We then took the ‘geologo’ to look at the far side of the house where we are hoping to build a wall to join the main house to the ‘fienile’ to create one building. She stood there open mouthed for a few seconds before declaring this ‘un paradiso per un geologo’ and took out her camera to take a few more photos. Our house does not have typical foundations as the whole thing is built on top of a huge shelf of rock. In fact the rear of our ‘cantina’ is actually carved out of this rock, with a couple of small niches and shelves for storage. With the rock being part of the structure, the whole room stays beautifully fresh in the Summer, and so we’d made a decision to keep it as a ‘cantina’ right at the beginning when we first started thinking about the design of our house. Also, it’s filling up nicely with my various jars and bottles of produce and I love that we’re using the space exactly as it was intended – although we’re using the old feeding trough to store our bottles of wine in, rather than tethering hungry animals to it!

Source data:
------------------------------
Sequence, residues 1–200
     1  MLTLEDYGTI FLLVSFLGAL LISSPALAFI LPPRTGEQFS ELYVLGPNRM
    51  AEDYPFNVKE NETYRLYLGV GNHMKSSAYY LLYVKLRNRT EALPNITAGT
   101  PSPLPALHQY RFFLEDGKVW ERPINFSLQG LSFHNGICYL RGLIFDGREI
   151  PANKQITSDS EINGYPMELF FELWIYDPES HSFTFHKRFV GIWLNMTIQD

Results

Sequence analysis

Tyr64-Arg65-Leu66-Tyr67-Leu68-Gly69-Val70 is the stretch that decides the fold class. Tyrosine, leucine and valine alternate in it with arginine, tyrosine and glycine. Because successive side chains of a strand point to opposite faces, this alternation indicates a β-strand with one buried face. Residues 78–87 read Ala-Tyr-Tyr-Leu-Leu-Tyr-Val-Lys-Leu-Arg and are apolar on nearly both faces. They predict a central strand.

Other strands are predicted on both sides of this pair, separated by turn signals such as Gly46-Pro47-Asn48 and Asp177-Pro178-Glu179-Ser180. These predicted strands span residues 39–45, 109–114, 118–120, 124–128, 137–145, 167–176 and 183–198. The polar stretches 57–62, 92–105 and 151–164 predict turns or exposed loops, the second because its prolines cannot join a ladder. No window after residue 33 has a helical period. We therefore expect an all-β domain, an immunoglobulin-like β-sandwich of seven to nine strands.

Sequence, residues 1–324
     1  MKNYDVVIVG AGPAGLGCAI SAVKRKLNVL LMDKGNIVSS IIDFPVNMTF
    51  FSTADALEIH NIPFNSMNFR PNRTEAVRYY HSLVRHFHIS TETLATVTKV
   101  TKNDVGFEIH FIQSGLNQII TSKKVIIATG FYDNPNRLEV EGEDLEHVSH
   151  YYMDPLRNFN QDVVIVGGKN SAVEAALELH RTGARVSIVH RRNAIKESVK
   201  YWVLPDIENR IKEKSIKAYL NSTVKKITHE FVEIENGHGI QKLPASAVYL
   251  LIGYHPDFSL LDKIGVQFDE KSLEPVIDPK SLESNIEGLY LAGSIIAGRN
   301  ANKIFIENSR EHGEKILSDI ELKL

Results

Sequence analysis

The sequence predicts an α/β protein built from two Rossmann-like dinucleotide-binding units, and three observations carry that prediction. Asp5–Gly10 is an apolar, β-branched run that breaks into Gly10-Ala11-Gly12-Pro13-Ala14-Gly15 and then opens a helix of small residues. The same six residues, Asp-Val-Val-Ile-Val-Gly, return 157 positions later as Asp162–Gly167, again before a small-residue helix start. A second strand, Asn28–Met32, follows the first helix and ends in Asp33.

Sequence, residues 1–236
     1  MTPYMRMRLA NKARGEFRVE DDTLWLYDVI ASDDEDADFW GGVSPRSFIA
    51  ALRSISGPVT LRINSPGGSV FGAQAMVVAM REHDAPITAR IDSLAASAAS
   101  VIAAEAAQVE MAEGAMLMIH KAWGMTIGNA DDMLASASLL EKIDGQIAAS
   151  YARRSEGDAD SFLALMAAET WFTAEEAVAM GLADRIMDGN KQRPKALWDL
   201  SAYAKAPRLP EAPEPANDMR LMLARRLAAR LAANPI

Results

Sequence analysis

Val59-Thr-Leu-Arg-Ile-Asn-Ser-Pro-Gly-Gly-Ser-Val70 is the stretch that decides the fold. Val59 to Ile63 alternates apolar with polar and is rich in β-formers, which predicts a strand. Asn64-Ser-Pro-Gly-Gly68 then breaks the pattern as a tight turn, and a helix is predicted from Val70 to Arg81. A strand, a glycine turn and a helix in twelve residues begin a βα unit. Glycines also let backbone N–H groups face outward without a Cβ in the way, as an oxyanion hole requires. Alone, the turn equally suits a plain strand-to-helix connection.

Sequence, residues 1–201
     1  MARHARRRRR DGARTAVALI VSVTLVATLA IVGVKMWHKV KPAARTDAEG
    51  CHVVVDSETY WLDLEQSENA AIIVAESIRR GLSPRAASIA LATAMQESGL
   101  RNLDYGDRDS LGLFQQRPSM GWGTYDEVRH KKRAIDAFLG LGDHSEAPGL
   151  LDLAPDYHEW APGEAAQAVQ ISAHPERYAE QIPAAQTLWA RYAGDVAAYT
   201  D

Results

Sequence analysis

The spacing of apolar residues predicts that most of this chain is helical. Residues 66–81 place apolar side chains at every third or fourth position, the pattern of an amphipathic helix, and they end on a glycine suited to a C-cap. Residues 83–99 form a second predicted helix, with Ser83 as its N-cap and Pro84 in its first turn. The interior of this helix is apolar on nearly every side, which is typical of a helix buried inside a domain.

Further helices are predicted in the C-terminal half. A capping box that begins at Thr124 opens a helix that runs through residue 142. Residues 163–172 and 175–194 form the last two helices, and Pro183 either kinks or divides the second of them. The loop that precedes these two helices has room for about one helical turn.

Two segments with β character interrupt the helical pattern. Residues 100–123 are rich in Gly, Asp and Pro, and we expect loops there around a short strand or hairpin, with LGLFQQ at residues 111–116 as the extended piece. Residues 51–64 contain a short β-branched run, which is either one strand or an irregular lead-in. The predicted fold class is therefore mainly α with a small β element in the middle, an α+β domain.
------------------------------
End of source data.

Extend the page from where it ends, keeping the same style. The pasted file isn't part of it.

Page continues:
Our geologo then returned to see us a couple of weeks ago – an impromptu visit. She arrived with her husband and parked at the bottom of our drive – we were ready to shoo them away as we thought they were uninvited passers-by parking up to scrump from our peach trees over the road but we recognised them in the nick of time before we shouted any obscenities at them! She said she was here to take some photos but we think she was here to show her husband around, after all she made a bee-line for the ‘orto’ within a couple of minutes of arriving. But her husband praised me on my vegetable garden ‘sono invidioso’ (meaning I’m jealous) and complimented us on our choice of house and position, followed by an invitation to go for ice cream one afternoon – whether she took any photos or not I didn’t see but I don’t care … I’ve got an ‘orto’ to be proud of, and we’re going for ice cream!